Safer Food Choices for Adults 65 Years or Older

Help Prevent Food Poisoning

adults aged 65 or older at risk for food poisoning

Older adults have a higher risk of getting sick from food poisoning and having a more serious illness.

To prevent food poisoning, some foods are safer choices than others. That’s because some foods—such as undercooked meat and eggs, unwashed fruits and vegetables, and unpasteurized milk — are more often associated with foodborne illnesses. Use the table below as a guide to safer food choices.

Riskier vs. safer foods for adults aged 65 and older
Foods Riskier Choice Safer Choice
Poultry and Meat
Meat and poultry
  • Raw or undercooked poultry or meat
    • Poultry includes chicken and turkey
    • Meat includes beef, pork, lamb, and veal
  • Unheated deli meat, cold cuts, hot dogs, and fermented or dry sausages
  • Refrigerated pâté or meat spreads
  • Poultry and meat cooked to a safe internal temperature. Use a food thermometer to check.
    • All poultry, including ground chicken and turkey, cooked to 165°F
    • Whole cuts of beef, veal, lamb, and pork cooked to 145°F (then allow the meat to rest for 3 minutes before carving or eating)
    • Ground meats, such as beef and pork, cooked to 160°F
  • Deli meat, cold cuts, hot dogs, and fermented or dry sausages heated to 165°F or until steaming hot
  • Pâté or meat spreads in sealed, airtight containers that don’t need to be kept refrigerated before opening
Deli salads
potato salad
Premade deli salads, such as:
  • coleslaw
  • potato salad
  • tuna salad
  • chicken salad
  • egg salad
  • Homemade deli salads
Vegetables and Fruits
Fruit and vegetables
  • Any raw or undercooked sprouts, such as alfalfa and bean
  • Unwashed fresh fruits and vegetables, including lettuce and other leafy greens
  • Cut melon left out for more than 2 hours (1 hour if it’s exposed to temperatures hotter than 90°F, such as a picnic or hot car)
  • Cooked sprouts
  • Washed vegetables and fruits (washed and then cooked are safest)
  • Freshly cut melon or cut melon kept refrigerated for 7 or fewer days
Unpasteurized juice or cider
  • Pasteurized juice or cider
  • Unpasteurized juice or cider brought to a rolling boil at least 1 minute before drinking
Unpasteurized (raw) milk, and dairy products made from unpasteurized milk Pasteurized milk, and dairy products made from pasteurized milk
  • Soft cheese made from unpasteurized (raw) milk— for example, queso fresco, brie, camembert, and blue-veined cheese
  • Unheated cheese sliced at a deli
  • Hard cheese, such as cheddar and swiss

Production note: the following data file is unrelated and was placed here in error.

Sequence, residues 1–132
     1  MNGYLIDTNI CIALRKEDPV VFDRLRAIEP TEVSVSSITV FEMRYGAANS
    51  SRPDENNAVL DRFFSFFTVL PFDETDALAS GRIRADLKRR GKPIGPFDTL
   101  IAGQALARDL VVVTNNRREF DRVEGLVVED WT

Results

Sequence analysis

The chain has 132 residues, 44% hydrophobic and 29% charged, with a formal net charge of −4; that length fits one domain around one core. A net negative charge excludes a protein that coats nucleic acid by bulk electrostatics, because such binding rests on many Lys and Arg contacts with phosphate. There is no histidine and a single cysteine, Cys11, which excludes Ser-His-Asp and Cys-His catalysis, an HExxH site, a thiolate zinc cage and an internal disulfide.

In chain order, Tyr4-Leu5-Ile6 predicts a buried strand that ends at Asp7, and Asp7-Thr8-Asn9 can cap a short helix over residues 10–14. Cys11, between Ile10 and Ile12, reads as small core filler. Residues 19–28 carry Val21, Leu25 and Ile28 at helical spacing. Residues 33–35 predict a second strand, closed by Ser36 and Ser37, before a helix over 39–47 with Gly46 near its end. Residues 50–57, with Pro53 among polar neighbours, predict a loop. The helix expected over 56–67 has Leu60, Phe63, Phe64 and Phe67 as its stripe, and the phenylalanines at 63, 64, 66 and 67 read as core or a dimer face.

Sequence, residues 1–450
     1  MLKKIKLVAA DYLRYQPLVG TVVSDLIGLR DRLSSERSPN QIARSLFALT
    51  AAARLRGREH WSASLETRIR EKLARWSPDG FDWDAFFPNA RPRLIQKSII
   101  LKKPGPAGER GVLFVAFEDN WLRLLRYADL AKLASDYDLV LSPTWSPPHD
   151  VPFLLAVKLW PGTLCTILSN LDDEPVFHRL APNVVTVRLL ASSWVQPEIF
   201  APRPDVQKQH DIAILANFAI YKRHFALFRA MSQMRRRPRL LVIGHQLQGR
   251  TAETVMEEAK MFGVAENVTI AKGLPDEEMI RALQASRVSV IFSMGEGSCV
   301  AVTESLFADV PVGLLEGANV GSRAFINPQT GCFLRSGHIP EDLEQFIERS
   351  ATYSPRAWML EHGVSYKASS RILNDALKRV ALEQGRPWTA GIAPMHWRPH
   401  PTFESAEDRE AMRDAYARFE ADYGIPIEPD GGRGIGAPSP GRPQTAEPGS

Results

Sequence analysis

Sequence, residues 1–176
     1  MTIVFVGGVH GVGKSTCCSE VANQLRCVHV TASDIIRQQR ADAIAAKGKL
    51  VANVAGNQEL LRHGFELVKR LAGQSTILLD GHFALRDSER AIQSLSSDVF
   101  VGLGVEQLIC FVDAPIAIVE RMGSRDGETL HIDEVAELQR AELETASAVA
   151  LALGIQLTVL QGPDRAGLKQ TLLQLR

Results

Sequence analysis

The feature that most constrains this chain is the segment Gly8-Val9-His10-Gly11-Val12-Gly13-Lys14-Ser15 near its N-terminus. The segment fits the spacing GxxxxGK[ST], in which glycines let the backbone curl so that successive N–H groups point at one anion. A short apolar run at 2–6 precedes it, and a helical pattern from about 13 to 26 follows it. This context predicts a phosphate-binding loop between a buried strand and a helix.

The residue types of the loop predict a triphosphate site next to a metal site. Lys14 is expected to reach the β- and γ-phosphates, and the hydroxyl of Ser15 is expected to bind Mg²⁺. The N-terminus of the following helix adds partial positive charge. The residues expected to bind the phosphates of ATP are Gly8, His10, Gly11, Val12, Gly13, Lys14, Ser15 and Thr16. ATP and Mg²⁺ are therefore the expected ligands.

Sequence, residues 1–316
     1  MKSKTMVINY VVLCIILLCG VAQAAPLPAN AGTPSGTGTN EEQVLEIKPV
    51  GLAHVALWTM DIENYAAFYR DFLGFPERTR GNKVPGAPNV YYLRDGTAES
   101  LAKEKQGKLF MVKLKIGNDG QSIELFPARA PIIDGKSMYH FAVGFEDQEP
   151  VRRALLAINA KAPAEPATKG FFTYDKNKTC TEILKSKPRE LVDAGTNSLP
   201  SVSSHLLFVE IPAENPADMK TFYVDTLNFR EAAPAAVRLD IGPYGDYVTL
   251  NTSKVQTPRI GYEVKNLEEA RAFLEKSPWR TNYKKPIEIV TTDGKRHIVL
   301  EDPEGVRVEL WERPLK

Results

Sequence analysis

• Cottage cheese, cream cheese, string cheese, and feta
  • Pasteurized soft cheeses heated to an internal temperature of 165°F or until steaming hot
  • Deli-sliced cheeses heated to 165°F or until steaming hot
Raw or undercooked (runny) eggs, and foods that contain raw or undercooked eggs, such as
  • Caesar salad dressing
  • Raw cookie dough
  • Eggnog
  • Eggs cooked until the yolks and whites are firm
  • Egg dishes (frittata, quiche, casserole) cooked to an internal temperature of 165°F if they contain meat or poultry
  • Egg dishes cooked to an internal temperature of 160°F if they do not contain meat or poultry
  • Pasteurized eggs in foods that will not be cooked to a safe temperature, such as mousse and salad dressing
  • Raw or undercooked fish or shellfish, including sashimi, sushi, and ceviche
  • Refrigerated smoked seafood (except in a cooked dish). Refrigerated smoked seafood is usually labeled as “nova-style,” “lox,” “kippered,” “smoked,” or “jerky”
  • Fish cooked to a safe internal temperature of 145°F or until the flesh is opaque and separates easily with a fork
  • Shellfish cooked until shells open during cooking or until flesh is pearly or white, and opaque
  • Smoked fish in sealed, airtight packages or containers that don’t need to be kept refrigerated before opening
  • Smoked fish cooked in a casserole or other cooked dishes
  • Canned fish and seafood
Raw dough or raw batter made with raw (uncooked) flour
  • Food made with flour that is cooked following the package directions or recipe
  • Dough and batter made with heat-treated flour and pasteurized eggs
  • Dough and batter that is labeled “edible” or “safe to eat raw”

Always follow the four steps to food safety—clean, separate, cook, and chill—to protect yourself from food poisoning.

Learn about current foodborne outbreaks and the foods linked to them.